Court takes hard line on dirty dairying

KAT DUGGAN
Last updated 09:17 13/06/2014
Philip Woolley
EMMA ALLEN/Fairfax NZ
NO PLEA: Dairy farmer Philip Woolley is facing 52 charges.

Relevant offers

Dairy

Chinese company Oceania Dairy spends $400m in stage two of a high value milk factory Cambridge sheep and beef farmers named Waikato's top environmental farmers Our messed-up relationship with food has a long history. It started with butter. Indian migrant Navdeep Kumar proves his worth on New Zealand dairy farms Pattrick Smellie: Facing up to the future for dairying Slow and steady the best mix for commodity and value added dairy prices Fonterra ready to roll out nationwide testing for palm kernel Fonterra half-year profit rises 2 per cent to $418m, price to farmers holds at $6 Bobby calves provide funding by Affco scheme for schools and fire brigades Farmer views contrast with environmentalists on OECD report about NZ's environmental performance

A Marlborough dairy farmer has been told he should explore alternative means of milking his cows after his upper Wairau Valley farm, Glenmae, was deemed unfit for the process by the Environment Court.

In a decision released this week, Judge Jon Jackson said an application by Philip Woolley to extend the time he was given to comply with enforcement orders had been refused.

The refusal meant Woolley and his wife, Suzanne, had already breached the orders, and would have to rely on "indulgences from the council", if they were to start milking in the 2014-15 season.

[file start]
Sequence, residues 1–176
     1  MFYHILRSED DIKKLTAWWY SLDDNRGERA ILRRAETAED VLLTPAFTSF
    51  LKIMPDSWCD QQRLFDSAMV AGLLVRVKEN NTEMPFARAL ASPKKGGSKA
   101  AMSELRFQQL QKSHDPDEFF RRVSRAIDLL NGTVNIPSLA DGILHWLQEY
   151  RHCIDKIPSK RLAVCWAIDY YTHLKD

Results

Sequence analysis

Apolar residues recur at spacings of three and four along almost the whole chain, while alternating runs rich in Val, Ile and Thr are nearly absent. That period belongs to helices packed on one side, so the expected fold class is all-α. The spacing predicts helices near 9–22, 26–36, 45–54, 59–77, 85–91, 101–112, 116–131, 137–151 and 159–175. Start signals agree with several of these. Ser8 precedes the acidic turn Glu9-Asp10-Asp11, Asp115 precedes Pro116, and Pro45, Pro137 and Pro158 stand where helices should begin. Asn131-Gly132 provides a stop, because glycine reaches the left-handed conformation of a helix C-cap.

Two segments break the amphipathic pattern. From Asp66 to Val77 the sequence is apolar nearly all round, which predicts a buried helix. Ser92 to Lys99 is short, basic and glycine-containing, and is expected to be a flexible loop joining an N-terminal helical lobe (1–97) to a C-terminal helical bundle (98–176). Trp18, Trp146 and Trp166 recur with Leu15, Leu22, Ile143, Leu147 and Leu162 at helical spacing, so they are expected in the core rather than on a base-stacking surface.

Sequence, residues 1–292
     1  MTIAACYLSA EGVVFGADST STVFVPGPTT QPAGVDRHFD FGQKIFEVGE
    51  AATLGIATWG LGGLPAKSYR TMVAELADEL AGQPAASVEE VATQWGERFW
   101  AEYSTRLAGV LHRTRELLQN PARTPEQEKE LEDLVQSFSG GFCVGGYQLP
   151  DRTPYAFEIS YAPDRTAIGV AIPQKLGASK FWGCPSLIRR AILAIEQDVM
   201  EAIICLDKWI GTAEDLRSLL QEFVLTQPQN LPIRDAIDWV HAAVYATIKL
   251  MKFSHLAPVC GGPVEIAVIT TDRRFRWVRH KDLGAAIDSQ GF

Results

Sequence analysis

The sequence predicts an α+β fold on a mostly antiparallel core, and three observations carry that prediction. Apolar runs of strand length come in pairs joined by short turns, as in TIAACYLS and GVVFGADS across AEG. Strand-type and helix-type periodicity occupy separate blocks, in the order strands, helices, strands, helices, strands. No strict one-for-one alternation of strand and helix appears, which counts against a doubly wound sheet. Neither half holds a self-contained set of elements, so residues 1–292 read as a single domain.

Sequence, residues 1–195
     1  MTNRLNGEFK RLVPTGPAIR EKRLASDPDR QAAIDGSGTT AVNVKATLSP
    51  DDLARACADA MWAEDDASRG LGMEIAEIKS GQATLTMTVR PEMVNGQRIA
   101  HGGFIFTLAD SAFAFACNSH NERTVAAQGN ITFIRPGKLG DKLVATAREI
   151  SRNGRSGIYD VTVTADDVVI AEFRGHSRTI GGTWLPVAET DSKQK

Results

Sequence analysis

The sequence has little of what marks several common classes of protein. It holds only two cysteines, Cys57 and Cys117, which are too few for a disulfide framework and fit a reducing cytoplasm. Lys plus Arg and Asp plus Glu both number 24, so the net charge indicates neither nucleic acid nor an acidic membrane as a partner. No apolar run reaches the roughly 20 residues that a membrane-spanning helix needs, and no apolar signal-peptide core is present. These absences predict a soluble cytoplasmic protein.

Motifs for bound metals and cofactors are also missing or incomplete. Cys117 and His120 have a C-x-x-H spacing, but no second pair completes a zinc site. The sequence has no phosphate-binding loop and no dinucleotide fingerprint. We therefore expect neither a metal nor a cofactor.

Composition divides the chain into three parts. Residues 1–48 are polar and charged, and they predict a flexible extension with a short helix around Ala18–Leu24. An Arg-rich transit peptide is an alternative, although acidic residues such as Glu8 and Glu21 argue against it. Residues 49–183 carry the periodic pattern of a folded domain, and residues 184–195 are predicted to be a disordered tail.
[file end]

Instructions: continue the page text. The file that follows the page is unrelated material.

"They should now start looking at alternative arrangements for their herd," the decision said.

The orders for Glenmae farm, required the Woolleys to gain certification from a registered engineer that their effluent disposal system on the farm had been installed and was working according to the design in their Marlborough District Council permit by June 6.

The engineer had to be approved by the council as being suitable for the inspection.

The Woolleys sought an extension of time for complying with the order, which was opposed by the council because the application was made late.

The council argued the Woolleys had not taken any steps which could have been expected to comply.

The judge said he was not prepared to vary the orders or extend time for compliance under the circumstances.

He suggested the Woolleys engaged an engineer immediately to carry out the testing and certification of the effluent ponds and advise the council in writing when the testing was to take place.

Ad Feedback

- The Marlborough Express

Comments

Special offers

Featured Promotions

Sponsored Content